Cineplex is generously supporting this initiative by showing the VoteParty.ca video before all movies in 162 Cineplex theatres across Canada from this Friday, October 4th until Thursday, Oct. 17th. The company will also be livestreaming the federal election leadership debates in 24 of its theatres across the country. Canadians can reserve free tickets by visiting http://Cineplex.com/Events

VoteParty.ca will also soon release videos by many other well-known Canadians, as will its partner initiative http://VotePromise.ca.

VoteParty.ca isn’t urging young voters just to vote, it’s also encouraging them to:
Make a #VoteDate with a non-voter and take them to vote with you.

Don’t vote alone, Vote Party together.

And then all are invited to come to the national #VoteParty on October 21st election night. Share your reaction to the election results, and what’s going on at your local Vote Party, on Twitter with #VoteParty, and on Facebook at: https://www.facebook.com/events/394589891203780/

Vote Party promises to be a great party.

Anyone who wants to invite other people in their area to a local Vote Party on October 21st can upload their party details, and if they want send out invitations at: http://www.voteparty.ca/vote_parties

VoteParty.ca is an initiative of Democracy Education Network, since 1993 one of Canada’s leading civics education organizations.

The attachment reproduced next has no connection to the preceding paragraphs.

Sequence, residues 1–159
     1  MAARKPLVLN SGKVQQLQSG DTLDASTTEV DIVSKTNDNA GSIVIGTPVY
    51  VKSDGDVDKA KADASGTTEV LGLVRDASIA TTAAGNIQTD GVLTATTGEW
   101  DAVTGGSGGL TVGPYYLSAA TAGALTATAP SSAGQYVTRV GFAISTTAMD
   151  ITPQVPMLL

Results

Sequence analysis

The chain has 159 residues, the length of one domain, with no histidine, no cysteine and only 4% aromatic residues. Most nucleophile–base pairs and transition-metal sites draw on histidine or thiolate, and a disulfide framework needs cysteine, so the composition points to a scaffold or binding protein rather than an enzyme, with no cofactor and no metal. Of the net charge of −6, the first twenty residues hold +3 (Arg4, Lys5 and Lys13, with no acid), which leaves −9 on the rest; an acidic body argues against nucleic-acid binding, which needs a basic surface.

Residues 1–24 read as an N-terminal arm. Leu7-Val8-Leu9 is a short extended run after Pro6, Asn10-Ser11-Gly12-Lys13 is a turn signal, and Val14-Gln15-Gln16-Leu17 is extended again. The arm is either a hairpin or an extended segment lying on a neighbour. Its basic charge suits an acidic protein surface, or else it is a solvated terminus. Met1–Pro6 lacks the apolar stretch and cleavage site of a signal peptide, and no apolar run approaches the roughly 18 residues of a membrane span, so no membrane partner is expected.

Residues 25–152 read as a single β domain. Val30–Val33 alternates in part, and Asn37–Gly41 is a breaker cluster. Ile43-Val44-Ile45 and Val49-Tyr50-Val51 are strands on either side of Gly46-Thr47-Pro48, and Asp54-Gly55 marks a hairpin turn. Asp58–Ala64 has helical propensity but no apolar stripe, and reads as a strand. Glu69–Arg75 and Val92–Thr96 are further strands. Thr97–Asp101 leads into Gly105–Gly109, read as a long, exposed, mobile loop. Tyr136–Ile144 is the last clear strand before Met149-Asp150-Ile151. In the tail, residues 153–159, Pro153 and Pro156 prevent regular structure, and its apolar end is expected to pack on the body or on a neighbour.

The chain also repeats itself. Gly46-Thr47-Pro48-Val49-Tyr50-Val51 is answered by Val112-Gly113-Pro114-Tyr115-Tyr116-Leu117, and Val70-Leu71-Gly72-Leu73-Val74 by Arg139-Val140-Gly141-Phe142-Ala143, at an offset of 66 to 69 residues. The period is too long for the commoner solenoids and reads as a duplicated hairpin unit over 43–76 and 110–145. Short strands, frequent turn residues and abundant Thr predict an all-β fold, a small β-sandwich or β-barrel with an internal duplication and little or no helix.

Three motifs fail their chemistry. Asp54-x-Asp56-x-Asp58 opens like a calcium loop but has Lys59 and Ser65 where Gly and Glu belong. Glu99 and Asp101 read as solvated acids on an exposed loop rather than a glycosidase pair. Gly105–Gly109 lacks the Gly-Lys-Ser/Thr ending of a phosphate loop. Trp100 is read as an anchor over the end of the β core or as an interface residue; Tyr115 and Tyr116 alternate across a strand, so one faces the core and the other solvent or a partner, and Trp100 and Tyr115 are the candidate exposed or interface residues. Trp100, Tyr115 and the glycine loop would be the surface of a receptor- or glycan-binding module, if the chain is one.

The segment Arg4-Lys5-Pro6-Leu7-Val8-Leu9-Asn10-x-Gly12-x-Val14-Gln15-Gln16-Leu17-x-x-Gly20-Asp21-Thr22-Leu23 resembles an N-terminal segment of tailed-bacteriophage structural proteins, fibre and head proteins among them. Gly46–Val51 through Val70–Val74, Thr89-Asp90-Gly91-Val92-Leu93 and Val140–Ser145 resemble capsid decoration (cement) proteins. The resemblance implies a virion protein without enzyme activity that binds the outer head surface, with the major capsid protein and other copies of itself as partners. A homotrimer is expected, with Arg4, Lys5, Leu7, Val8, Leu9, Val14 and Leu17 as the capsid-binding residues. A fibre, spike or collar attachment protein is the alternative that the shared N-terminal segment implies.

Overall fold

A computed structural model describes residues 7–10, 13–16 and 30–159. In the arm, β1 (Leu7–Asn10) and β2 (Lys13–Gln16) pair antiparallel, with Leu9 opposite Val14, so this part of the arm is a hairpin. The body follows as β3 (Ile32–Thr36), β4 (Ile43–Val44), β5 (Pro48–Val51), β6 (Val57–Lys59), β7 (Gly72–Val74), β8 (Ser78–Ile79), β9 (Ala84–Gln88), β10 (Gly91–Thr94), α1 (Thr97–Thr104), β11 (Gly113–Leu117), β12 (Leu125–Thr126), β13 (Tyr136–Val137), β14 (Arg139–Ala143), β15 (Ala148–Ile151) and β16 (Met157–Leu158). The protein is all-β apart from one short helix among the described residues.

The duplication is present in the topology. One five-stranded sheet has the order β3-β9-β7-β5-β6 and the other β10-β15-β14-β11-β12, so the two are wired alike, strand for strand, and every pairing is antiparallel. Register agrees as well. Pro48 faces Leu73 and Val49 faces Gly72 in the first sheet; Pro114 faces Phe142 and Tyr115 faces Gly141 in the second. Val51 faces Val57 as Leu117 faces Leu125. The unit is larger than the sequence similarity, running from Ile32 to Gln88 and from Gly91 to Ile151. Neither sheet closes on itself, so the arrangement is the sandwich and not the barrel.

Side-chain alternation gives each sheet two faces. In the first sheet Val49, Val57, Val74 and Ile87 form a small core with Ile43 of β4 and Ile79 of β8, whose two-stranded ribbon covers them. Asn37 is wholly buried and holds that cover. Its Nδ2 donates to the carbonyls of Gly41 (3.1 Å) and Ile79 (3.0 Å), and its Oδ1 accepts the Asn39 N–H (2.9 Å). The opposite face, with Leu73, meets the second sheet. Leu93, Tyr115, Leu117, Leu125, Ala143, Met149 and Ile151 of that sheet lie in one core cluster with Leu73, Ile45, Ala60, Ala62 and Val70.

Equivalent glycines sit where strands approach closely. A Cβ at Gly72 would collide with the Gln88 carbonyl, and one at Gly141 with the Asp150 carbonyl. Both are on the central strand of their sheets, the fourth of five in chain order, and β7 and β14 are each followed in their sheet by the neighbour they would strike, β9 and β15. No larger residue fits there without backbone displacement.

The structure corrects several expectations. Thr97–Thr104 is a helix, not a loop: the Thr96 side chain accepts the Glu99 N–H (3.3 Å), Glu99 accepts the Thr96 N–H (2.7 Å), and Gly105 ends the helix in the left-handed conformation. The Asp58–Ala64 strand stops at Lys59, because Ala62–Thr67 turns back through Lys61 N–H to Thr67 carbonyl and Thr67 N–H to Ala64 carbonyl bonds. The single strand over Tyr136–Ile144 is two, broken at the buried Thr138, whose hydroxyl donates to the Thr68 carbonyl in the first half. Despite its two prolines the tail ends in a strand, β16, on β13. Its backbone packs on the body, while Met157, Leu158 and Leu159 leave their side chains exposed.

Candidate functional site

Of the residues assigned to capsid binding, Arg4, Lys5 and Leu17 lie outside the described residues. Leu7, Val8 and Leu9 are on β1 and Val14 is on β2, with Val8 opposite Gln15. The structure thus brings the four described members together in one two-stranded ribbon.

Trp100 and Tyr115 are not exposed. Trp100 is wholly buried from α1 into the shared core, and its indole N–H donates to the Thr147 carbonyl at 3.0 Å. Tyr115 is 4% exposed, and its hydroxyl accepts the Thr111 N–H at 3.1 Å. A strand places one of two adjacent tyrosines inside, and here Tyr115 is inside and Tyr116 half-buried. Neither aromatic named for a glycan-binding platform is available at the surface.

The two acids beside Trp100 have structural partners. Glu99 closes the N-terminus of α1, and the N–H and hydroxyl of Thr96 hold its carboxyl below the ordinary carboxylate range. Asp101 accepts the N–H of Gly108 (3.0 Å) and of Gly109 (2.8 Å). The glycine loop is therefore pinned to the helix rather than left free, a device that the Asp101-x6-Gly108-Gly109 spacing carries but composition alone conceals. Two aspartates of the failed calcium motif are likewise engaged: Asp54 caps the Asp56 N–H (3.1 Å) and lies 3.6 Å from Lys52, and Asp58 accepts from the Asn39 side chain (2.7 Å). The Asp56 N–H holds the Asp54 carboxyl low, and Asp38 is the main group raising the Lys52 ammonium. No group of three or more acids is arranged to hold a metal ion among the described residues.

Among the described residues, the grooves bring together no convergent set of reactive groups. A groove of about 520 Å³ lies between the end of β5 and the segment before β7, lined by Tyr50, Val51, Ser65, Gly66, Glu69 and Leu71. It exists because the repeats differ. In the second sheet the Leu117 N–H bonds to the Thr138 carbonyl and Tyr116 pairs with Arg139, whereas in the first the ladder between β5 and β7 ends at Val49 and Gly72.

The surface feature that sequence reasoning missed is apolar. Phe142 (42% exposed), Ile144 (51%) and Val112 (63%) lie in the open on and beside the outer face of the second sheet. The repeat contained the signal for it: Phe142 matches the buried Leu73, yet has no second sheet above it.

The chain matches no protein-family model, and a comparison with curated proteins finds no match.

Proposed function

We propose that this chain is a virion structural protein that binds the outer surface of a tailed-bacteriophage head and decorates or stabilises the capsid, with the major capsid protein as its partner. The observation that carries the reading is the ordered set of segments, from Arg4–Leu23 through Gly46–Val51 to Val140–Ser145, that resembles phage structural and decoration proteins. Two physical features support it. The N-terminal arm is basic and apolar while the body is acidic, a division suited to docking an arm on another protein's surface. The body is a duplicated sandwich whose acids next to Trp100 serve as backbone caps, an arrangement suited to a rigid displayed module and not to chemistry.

Let’s get this Vote Party started!

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FOR MORE INFORMATION, CONTACT:
Duff Conacher, Coordinator of VoteParty.ca
Cell: 416-546-3443
Email: info@voteparty.ca
Internet: http://VoteParty.ca

Democracy Watch in B.C. Court of Appeal arguing for more independence from Cabinet for law enforcement tribunals

DWatch intervening in challenge of ruling that failed to uphold measures to prevent political interference by Premier and Cabinet ministers

FOR IMMEDIATE RELEASE:
Thursday, April 4, 2019

OTTAWA – Today and tomorrow, Democracy Watch will be at the B.C. Court of Appeal intervening in the challenge of a B.C. Supreme Court judge’s ruling that failed to uphold key measures to ensure law enforcement tribunals are protected from political interference by the Premier and Cabinet ministers.